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4 Weeks, 4 Albums: Sawayama by Rina Sawayama

Personally speaking, Rina Sawayama’s debut studio album SAWAYAMA is THE pop album of 2020. It isn’t just a record you can sing along to. The album mixes harsh guitars and distorted electronic beats with the fun melodies of pop music. There are dance tracks you can cry to and ballads that uplift you. Sawayama unveils her own journey on how she fits into this world with honest lyrics and personal anecdotes. 

The start of the album is powerful. “Dynasty” and “XS” are filled with aggressive guitars and discuss the price we pay of being selfish. Sawayama discusses how our self care is tied to things like family and money. We question when to do things for ourselves and how it might affect our families and environment. Ultimately, with our decisions we have to accept the challenges that come from them. 

“STFU” and “Comme Des Garçons (Like The Boys)” reek with confidence. Sawayama is feeling expressive, she is accepting the decisions she was debating in the first two songs of the album. She is fighting microaggressions and the misogynist structure of society. We see her feeling confident in who she is -and as a listener, I feel so too. Both tracks are ones that I’ve danced to in my bedroom at night. 

The first four songs represent how the rest of the album feels: conflicting. Rina Sawayama struggles with her identity in this world. The walls comes down in the second half; the tone gets softer and more vulnerable. In “Bad Friend”, Sawayama admits to leaving a close friend behind, and admitting she isn’t “good” at maintaining friendships. It has the heart of a pop song but the lyrics are filled with honesty. She is as blunt as possible when admitting her position. It’s this that makes the singer (no matter how conflicting the messages might be) seem authentic.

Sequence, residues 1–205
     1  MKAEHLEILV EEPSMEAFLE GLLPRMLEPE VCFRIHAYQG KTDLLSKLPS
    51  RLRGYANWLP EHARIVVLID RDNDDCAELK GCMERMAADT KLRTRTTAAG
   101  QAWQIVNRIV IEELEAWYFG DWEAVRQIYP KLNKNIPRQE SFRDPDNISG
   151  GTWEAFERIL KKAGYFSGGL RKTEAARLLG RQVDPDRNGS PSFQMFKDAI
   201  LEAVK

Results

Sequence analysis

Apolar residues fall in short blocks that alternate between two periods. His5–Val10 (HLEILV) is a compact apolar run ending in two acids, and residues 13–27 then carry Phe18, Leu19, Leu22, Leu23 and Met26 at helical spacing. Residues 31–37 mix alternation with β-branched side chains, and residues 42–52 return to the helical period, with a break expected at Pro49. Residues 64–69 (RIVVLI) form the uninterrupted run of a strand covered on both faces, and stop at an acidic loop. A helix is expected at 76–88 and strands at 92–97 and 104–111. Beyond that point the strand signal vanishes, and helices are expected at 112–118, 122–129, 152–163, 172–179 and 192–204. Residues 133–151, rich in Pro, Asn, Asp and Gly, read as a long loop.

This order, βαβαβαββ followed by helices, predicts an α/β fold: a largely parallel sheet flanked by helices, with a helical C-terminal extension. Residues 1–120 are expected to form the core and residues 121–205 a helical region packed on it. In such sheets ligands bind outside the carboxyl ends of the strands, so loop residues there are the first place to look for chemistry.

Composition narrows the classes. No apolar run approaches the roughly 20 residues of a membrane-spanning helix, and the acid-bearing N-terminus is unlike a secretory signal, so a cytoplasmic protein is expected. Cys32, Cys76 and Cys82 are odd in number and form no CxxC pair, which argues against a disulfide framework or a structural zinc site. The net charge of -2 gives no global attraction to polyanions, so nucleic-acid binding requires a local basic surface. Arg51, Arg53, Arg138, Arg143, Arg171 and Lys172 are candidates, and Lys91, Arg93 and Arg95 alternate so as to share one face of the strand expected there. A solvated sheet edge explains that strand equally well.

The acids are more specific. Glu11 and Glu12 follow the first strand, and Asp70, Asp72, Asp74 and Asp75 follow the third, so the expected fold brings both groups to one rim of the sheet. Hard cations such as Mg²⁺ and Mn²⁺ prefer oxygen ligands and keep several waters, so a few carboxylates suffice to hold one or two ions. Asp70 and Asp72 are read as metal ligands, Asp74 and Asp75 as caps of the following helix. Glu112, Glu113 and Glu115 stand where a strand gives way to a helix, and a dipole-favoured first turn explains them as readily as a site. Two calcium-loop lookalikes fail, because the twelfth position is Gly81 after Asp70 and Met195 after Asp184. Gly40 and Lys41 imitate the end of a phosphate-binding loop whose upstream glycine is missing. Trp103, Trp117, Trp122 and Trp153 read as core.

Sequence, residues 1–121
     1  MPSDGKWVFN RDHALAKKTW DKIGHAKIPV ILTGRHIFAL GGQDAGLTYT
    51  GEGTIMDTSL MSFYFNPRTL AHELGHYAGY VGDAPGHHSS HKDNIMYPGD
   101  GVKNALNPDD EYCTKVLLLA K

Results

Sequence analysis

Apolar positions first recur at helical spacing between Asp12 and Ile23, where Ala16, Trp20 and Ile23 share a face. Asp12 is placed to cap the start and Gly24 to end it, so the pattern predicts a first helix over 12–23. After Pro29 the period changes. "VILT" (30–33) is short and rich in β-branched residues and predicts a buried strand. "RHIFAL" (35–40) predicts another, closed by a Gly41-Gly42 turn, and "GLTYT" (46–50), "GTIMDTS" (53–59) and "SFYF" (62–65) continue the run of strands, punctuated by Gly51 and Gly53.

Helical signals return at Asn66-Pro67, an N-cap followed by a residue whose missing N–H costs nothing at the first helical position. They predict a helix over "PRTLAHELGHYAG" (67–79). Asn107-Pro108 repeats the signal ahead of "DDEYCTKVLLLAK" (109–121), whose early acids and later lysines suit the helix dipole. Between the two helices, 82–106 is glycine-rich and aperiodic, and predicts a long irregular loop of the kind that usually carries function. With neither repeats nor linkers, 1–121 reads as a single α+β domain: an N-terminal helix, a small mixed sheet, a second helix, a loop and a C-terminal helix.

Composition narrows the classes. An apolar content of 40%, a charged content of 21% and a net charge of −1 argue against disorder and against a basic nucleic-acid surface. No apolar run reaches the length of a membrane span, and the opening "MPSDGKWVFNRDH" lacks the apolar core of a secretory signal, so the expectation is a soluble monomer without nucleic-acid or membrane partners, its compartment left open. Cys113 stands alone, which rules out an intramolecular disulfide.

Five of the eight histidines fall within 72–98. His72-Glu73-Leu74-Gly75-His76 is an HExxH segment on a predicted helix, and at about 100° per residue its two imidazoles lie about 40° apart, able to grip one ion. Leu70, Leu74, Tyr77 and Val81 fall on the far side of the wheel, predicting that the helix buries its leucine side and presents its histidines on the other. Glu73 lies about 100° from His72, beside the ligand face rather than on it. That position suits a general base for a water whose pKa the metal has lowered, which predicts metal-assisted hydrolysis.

Sawayama continues to jungle a lot of internal conflicts. Sawayama identifies as bisexual, pansexual, Japanese, British, and something much broader: human. In “Fuck This World” she is grieving over the effects that climate has on earth. She wishes she could start over on Mars, abolishing class and greed. It’s this theme of family and wealth that she was talking about at the start of the album. But this time, Sawayama is blunt about her perspective.

In comparison, “Chosen Family” is about home -not the kind of place you grew up in as a child. The song is an anthem to her LGBTQ+ family -a place where you find the space to be yourself in. It parallels the issues she discussed regarding her blood family -this time in a more confident tone. While her blood family has made her who she is, her chosen family shares something with her that no one else can. 

SAWAYAMA is complicated, vulnerable, and authentic. The listener gets a glimpse at the complicated perspectives that Rina Sawayama is accepting. This album is so vast that I think anyone could relate to the various topics it tackles. In the final song “Snakeskin”, Sawayama sheds the skin of her album and endeavors to find peace in this complicated world. 

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